The Internet, as we all know, is terrible. Or, at least, people on the Internet are terrible–a mass of harassment and bullying, racism and sexism and homophobia, designed to drive people who critique video games into seclusion, and to ensure that the unpopular kids at school can’t even avoid their tormenters when they’re at home in their own bedrooms. But let’s not dwell on the negative here: In Coke’s forthcoming Super Bowl spot, the negativity that dominates discourse on the Internet gets called out, and replaced with something a little more upbeat.
The campaign–which launched online on Monday with the hashtag #MakeItHappy–is built around a 60-second spot by Wieden+Kennedy that will premiere during the game. There are a handful of teasers, though, that capture the spirit of the campaign–how the Internet connects people and improves lives, and how it also is used as a tool for bullying–as well as a series of longer documentaries about celebrities and YouTube stars who’ve overcome extreme negativity online. The campaign is an extension of the brand’s ongoing “Open Happiness” theme.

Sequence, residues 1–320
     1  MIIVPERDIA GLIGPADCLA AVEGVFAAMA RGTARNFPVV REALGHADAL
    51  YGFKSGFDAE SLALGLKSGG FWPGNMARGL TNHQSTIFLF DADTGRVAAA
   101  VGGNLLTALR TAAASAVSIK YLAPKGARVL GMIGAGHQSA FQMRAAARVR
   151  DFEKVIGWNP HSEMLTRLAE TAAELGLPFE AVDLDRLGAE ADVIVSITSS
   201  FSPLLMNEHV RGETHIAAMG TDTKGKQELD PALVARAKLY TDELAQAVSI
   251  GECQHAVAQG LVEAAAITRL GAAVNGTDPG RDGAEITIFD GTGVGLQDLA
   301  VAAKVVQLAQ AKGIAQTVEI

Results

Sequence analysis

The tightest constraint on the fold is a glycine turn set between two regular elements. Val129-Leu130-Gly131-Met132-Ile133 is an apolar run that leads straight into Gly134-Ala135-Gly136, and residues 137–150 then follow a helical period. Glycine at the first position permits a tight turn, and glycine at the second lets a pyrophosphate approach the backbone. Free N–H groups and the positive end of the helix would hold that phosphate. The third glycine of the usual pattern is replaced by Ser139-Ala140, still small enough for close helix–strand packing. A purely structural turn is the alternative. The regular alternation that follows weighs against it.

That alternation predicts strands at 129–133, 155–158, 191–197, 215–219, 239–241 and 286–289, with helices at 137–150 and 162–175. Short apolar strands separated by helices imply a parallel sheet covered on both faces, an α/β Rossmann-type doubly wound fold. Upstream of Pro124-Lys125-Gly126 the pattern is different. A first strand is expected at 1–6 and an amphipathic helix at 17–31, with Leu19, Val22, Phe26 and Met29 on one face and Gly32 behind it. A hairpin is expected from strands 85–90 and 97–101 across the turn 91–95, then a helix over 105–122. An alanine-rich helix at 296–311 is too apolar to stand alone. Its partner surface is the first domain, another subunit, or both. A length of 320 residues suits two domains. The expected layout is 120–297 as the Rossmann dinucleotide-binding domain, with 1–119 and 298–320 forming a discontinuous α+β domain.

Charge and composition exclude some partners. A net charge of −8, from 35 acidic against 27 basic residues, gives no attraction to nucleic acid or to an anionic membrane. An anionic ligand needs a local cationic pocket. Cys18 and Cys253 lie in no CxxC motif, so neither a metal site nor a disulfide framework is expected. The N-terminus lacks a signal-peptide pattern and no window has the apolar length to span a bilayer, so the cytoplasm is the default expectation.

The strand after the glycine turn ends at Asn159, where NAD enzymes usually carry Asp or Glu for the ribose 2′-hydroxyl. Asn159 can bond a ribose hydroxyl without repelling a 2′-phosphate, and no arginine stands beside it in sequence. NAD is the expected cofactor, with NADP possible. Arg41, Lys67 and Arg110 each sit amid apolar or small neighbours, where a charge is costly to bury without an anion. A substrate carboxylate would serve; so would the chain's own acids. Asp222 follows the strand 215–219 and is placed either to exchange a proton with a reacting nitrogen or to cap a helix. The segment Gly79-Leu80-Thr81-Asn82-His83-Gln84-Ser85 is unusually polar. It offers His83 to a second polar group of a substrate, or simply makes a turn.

Online harassment and the culture of meanness that exists on the Internet are weighty topics for Coke to address in a Super Bowl commercial–but they’re also important, and imagining the better world we should live in both online and off can, we suppose, make a person thirsty. Still, on Monday after the game, we’d recommend against reading the comments on the commercial when it shows up on YouTube.